The Cultural Tourist: Take your seat, thanks to the philhellenic senator

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The Independent Travel

Greece came up with the idea of cultural tourism more than 2,000 years ago.

Greece came up with the idea of cultural tourism more than 2,000 years ago. (Pausanias compiled a guide to its temples and monuments for well-heeled Roman travellers in the second century AD - still in print and still worth consulting.) Recently, however, although the country hasn't lacked eager tourists, most are in search of the physical pleasures of its beaches and this year the excitements of the Olympic stadiums rather than the cerebral ones of its culture.

Which is a pity, since, in addition to the spectacular ancient remains, there is a rich cultural programme throughout the summer. Under the title of the Hellenic Festival, operas, plays, ballets and concerts of orchestral and popular music runs from May to September. Easily the most impressive are the theatrical performances at the ancient theatre at Epidauros, about an hour and a half's drive from Athens. Set in a natural dip in a hillside among groves of pine trees, it was built in the middle of the fourth century BC. This year's season starts on 18 June with a production of Euripides' The Trojan Woman - in modern Greek, but it's easy to follow with a Penguin Classic paperback. Other Euripides' plays to be performed include The Bacchae, Andromache and Lysistrata, as well as works by Sophocles and Aeschylus.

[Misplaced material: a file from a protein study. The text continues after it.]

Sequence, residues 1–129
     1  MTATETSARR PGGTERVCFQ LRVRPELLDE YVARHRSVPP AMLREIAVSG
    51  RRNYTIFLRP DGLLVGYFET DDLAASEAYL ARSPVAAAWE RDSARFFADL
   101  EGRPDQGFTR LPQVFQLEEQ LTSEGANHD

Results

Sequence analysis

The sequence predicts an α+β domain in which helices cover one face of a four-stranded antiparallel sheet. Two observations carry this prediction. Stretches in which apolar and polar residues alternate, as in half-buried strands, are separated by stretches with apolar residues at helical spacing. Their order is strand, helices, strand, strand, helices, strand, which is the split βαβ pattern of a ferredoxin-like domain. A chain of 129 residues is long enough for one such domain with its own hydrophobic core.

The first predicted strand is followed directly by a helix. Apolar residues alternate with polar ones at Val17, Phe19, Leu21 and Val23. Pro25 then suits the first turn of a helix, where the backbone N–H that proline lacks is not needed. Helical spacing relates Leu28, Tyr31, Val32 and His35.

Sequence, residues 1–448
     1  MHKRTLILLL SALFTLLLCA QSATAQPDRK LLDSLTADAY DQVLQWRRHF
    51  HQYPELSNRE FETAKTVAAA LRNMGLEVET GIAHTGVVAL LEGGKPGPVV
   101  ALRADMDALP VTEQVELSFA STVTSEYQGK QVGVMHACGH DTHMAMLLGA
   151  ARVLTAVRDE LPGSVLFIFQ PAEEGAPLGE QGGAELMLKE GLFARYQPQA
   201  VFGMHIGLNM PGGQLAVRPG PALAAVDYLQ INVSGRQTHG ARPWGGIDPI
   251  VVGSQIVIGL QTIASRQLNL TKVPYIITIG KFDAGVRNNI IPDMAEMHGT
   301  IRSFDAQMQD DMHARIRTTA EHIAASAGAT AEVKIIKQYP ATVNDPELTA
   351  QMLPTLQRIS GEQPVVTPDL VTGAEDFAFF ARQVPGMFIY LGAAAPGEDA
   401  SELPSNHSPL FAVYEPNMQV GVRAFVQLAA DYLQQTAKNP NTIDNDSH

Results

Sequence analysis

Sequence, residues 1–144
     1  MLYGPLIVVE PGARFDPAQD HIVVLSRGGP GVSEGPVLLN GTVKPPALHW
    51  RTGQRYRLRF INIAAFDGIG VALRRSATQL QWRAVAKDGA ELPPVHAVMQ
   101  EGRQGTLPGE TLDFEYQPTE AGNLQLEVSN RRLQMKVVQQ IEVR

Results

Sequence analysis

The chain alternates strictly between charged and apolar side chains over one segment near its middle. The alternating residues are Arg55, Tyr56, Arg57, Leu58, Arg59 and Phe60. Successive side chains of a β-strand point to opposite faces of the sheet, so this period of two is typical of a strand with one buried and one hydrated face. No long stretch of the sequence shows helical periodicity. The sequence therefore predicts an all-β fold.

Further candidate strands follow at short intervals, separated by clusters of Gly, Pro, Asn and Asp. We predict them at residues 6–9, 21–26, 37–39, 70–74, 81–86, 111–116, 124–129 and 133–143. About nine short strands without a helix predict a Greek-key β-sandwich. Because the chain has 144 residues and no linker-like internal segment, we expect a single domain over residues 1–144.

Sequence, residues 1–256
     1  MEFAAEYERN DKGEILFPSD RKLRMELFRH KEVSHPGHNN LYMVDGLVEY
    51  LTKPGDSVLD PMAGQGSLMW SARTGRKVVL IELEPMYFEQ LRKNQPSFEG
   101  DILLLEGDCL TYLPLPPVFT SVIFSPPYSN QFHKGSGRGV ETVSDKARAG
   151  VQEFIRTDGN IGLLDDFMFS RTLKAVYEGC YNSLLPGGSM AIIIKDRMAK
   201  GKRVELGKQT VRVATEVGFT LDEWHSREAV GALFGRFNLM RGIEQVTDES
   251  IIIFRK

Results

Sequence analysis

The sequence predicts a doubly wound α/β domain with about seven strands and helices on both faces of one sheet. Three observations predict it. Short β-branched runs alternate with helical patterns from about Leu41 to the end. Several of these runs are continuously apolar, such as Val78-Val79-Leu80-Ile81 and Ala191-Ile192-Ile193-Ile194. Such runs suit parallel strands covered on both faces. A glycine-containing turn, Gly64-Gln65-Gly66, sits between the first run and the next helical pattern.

The other magnificent theatre used by the Hellenic Festival is the Odeon of Herodes Atticus on the slopes of the Acropolis in Athens. This was the gift to the city by a philhellenic Roman senator in the second century AD: smaller than 14,000-capacity Epidauros (it seats 5,000), but with a similar atmosphere. The Hellenic Festival starts here on 1 May with a concert by the Berlin Philharmonic conducted by Sir Simon Rattle. The programme includes Brahms's First Piano Concerto with Daniel Barenboim. Other visiting orchestras include the Vienna Philharmonic, the Leipzig Gewandhaus and the London Symphony. A particular highlight of the extensive programme of theatre, opera and musical productions will be the world premiere of Orion, a concert work by Philip Glass. The Philip Glass Ensemble will be joined by esteemed world artists including Foday Musa Suso (kora) from Gambia, Africa, Rahat Nusrat Fateh Ali Khan (Qawwali vocalist) from Pakistan, Ravi Shankar (sitar) from India, Ashley MacIsaac (violin) from Nova Scotia, Canada, and Eleftheria Arvanitaki (vocalist) from Greece.

To book, phone 00 30 210 928 2900. The box office is at Panepistimiou 39. Booking begins three weeks prior to each performance. To book earlier than that, email Nikolaidis@greekfestival.gr or fax 0030 210 9282 927.

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